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Murray sends Britain into 1st Davis Cup final in 37 years


GLASGOW, Scotland -- Andy Murray sent Britain into its first Davis Cup final in 37 years on Sunday, securing victory over Australia with a straight-set win over Bernard Tomic.

Despite struggling with a back injury and coming off a five-set doubles match on Saturday, Murray managed to find another peak performance to beat Tomic 7-5, 6-3, 6-2.

That, coupled with Murray’s win over Thanasi Kokkinakis on Friday and his doubles triumph with brother Jamie, gave Leon Smith’s team an unassailable lead. Kokkinakis later beat Dan Evans 7-5, 6-4 in the meaningless fifth match to make the final score 3-2.

Belgium awaits Britain in the Nov. 27-29 final after beating Argentina by the same score in the other semifinal.

Now Murray has barely two months to ensure he is fully fit to help Britain win the Davis Cup for the first time since 1936.

“My back has been giving me a lot of trouble this week,” the third-ranked Murray said. “It’s nothing to do with the previous issues I had with my back, it’s a completely different thing.

“My back was absolutely fine during the U.S. Open, then I took five days off, started practicing again on Sunday here ... and then on Tuesday night my back was extremely sore and got progressively worse the next couple of days.”

But just as he was during Friday’s demolition of Kokkinakis, Murray was in top form as he treated about 8,000 fans at the Emirates Arena to an outstanding array of shots.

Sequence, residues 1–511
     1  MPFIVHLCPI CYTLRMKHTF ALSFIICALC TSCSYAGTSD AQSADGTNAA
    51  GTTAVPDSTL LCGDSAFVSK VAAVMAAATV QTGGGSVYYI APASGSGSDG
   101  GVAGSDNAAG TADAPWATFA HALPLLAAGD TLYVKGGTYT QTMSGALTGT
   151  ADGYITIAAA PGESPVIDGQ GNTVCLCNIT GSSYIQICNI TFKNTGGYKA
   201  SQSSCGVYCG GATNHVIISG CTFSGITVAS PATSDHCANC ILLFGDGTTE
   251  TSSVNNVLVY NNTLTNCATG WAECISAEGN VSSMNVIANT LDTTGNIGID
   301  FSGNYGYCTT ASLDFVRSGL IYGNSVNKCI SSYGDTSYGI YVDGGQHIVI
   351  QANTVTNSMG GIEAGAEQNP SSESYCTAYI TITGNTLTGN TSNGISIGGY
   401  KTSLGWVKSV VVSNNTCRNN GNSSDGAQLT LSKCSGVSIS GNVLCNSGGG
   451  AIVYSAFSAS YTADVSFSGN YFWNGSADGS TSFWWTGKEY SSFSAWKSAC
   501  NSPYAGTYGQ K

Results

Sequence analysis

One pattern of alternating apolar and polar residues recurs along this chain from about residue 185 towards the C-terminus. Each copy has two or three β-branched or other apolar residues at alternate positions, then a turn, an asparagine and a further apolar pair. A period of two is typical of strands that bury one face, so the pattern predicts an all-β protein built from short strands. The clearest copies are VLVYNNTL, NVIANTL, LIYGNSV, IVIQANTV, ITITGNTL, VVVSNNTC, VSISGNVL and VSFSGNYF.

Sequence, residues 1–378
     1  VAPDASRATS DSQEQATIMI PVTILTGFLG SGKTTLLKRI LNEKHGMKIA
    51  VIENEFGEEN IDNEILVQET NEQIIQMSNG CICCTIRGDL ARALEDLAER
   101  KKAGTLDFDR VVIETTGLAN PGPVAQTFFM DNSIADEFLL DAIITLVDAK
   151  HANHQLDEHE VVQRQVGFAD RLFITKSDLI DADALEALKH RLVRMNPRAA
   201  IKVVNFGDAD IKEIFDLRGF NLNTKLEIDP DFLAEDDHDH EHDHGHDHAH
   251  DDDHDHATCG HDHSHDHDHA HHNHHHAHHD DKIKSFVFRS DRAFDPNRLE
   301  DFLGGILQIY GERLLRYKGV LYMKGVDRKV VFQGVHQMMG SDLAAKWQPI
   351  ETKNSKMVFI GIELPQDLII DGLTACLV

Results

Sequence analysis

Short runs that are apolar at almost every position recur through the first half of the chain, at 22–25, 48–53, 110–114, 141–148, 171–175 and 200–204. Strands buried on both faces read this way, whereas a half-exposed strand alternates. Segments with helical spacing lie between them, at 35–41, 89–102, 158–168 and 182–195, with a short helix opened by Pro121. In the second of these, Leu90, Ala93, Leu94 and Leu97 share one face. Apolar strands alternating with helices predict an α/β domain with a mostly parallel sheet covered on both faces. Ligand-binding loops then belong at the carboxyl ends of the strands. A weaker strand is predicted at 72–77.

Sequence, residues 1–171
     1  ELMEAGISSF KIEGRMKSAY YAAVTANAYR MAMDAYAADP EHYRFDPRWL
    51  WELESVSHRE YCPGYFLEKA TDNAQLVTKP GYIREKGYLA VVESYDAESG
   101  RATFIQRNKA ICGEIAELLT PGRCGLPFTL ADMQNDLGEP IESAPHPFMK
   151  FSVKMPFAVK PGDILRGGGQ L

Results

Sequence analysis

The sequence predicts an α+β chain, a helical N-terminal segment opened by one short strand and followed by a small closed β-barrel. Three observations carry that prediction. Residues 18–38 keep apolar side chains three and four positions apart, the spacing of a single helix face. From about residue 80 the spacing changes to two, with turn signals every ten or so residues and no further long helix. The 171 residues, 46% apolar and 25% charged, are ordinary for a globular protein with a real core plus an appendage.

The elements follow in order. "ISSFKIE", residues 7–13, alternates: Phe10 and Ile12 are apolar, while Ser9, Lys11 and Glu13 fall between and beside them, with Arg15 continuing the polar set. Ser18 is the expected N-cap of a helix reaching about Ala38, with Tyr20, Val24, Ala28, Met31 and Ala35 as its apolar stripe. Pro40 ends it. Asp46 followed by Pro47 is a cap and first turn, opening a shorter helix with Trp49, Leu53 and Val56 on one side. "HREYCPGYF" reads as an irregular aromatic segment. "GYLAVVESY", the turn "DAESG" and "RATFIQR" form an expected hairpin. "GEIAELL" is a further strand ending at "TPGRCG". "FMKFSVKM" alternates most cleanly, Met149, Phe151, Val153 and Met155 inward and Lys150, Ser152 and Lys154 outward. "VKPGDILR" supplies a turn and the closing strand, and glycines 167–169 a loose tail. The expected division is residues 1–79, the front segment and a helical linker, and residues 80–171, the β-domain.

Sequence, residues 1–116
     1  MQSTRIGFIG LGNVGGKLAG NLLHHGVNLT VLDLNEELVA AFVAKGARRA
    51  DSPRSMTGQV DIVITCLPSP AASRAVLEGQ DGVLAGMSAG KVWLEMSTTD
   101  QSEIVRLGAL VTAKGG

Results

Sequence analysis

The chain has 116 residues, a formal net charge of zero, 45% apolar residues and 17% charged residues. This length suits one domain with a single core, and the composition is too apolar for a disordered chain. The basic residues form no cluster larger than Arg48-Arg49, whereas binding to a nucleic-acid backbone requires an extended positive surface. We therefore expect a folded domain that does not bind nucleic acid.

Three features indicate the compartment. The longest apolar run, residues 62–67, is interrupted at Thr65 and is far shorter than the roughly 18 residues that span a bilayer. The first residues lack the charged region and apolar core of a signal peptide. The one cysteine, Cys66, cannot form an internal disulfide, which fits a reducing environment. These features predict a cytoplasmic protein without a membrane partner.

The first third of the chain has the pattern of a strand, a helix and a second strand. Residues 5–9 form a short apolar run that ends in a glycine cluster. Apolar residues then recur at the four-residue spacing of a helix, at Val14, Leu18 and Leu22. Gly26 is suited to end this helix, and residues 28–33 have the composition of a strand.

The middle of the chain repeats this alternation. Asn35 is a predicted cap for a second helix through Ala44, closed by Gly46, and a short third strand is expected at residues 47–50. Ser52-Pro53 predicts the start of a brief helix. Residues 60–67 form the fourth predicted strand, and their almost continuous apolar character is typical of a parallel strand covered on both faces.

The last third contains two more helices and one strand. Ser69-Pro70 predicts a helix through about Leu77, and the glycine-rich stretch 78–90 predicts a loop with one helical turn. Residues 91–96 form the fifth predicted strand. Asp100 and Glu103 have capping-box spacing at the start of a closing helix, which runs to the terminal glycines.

The Scotsman has now helped the British to their last seven Davis Cup points - along with Jamie Murray - to see off the United States, France and now Australia.

Murray had endured four hours on court alongside his brother before seeing off Lleyton Hewitt and Sam Groth in Saturday’s doubles, but he could not have started any better as he launched two aces on his first three points.

Murray only lost one point in his first two service games and broke in Tomic’s second, winning his third break point when a deep, high shot put the Australian on the back foot before he sent a backhand into the net.

It was not entirely plain sailing. Murray was broken as he served for the set to hand his 23rd-ranked opponent a way back, but set up three break points in the next game and finished Tomic off with a deft backhand drop shot.

Murray broke again in the fourth game of the second set as his opponent sent a backhand into the net, and Britain’s top-ranked player went on to serve out the set at love.

In the third, he broke twice and wrapped up the victory when his opponent sent a return wide.

Britain’s last final appearance was in 1978.